|from Rubens, reworked|
Venus, momentarily forgetting about Adonis while holding her son on her knee, starts to question him on the reason why he is so bold as to upset even the hearts of the gods. Love first answers (3.31) that he does so "out of ignorance," since he is a little baby; Venus replies that he is as old as Time, and was born before the stars. Love (3.33) then adds, "Where is my sin, if I show everybody the beautiful things?" (le cose belle, see Dante, Inferno 34.137). Now, therefore, Venus is curious about his inability to arouse Minerva. His answer has something Freudian to it.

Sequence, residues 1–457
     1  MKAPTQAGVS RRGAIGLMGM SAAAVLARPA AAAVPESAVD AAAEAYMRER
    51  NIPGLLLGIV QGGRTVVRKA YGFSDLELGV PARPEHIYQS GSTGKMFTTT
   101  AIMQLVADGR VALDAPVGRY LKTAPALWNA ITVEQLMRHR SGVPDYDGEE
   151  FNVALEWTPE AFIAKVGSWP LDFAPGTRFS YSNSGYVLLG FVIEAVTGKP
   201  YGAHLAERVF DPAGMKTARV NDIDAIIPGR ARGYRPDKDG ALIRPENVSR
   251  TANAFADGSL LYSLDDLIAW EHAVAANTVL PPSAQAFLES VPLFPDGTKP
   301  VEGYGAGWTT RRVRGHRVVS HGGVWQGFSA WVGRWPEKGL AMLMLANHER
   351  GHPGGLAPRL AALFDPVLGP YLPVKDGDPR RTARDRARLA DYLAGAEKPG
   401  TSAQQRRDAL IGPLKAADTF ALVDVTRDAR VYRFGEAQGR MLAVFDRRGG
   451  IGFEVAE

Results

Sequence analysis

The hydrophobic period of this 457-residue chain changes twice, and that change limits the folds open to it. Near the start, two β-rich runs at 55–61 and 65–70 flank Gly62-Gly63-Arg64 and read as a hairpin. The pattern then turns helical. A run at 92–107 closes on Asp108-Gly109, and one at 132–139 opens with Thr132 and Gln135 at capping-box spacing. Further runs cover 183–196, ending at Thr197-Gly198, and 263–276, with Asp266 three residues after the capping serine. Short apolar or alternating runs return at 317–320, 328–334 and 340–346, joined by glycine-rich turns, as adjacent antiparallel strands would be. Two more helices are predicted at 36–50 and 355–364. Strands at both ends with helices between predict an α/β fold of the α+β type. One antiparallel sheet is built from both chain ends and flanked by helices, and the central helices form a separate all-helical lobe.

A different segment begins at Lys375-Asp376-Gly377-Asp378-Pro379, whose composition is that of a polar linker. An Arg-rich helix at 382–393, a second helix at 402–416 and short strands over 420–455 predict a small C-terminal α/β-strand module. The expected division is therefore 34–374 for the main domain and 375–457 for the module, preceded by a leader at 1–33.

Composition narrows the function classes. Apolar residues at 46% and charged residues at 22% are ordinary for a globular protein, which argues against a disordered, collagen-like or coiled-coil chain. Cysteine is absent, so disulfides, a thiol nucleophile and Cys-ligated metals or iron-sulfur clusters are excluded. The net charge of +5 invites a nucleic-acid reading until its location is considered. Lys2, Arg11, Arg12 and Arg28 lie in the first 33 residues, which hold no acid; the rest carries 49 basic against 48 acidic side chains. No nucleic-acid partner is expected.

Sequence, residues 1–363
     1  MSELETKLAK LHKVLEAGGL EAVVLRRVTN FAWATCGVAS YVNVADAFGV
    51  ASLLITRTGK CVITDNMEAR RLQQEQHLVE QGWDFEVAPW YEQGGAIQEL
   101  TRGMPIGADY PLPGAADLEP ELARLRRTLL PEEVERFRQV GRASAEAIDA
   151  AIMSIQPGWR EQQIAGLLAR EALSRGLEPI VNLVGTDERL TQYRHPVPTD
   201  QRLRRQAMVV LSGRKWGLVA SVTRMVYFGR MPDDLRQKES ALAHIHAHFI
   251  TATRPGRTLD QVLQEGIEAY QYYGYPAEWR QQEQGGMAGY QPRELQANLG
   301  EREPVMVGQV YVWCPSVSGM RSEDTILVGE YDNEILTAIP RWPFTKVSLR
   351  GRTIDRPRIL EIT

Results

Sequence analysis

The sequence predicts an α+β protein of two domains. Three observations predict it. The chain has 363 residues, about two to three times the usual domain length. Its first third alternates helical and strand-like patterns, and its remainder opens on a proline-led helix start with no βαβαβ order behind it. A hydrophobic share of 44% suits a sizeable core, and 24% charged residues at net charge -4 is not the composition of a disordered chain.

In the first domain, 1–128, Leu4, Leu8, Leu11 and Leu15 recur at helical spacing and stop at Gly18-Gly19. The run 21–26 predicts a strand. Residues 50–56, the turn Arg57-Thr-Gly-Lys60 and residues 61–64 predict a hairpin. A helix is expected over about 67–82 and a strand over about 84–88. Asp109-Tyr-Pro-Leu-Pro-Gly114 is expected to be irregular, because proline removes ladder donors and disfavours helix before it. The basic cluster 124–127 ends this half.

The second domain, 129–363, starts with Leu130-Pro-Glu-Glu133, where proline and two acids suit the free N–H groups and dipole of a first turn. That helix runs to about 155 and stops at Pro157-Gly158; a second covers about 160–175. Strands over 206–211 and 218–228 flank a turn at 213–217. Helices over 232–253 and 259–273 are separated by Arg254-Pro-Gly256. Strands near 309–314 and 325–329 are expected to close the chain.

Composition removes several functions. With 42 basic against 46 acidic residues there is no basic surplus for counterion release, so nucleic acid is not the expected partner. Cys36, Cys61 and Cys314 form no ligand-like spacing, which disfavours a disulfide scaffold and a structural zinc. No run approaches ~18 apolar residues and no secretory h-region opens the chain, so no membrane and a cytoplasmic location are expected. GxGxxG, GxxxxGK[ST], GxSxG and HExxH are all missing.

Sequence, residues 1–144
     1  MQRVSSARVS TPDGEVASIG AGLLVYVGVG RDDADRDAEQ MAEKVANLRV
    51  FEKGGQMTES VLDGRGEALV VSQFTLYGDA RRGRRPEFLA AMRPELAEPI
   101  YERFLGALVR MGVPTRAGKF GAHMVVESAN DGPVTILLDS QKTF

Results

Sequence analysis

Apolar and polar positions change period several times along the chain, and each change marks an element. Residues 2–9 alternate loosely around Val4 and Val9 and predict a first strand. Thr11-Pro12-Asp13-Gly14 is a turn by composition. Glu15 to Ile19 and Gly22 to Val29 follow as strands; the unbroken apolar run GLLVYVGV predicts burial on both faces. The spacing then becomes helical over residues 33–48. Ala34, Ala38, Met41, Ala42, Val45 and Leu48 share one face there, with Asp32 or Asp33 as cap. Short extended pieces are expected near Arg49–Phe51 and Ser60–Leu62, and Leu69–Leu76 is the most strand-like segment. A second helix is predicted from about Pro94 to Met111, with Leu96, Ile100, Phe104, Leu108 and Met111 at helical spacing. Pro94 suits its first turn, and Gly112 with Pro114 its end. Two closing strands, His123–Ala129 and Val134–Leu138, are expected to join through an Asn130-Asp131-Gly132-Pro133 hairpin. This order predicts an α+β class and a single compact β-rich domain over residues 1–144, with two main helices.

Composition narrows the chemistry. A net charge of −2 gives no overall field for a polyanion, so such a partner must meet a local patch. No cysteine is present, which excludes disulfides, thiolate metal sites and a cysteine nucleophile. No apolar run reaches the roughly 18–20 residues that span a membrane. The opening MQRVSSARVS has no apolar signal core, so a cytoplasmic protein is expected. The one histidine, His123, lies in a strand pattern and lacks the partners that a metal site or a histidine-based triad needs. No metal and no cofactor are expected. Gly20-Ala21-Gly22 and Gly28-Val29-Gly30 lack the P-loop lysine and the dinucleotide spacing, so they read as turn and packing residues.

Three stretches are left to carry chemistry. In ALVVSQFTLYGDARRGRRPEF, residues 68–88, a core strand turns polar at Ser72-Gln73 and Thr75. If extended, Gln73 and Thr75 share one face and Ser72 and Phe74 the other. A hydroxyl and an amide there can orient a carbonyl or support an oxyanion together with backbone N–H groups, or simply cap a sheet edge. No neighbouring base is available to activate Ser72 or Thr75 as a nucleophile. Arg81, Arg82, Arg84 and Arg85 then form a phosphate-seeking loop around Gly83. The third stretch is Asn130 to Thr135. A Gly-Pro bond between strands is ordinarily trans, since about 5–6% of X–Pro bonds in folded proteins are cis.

He said, "Alas! She arms her face with
such a frightening, stern countenance
that, when I draw my bow to hit her,
I fear her look, masculine and fierce.
Moreover, of her great helmet she keeps plus the Aegis (stanza 38)*
shaking the threatening and horrid crest,
and fills me with such a deep terror
that my shocked hand drops the weapons."
* "Hairy with snakes, on her breast there hangs
a skull, oh! dismal and furious, from
whose eyes such a great fear comes that Dante, Inferno 1.53
I freeze completely when I see it!"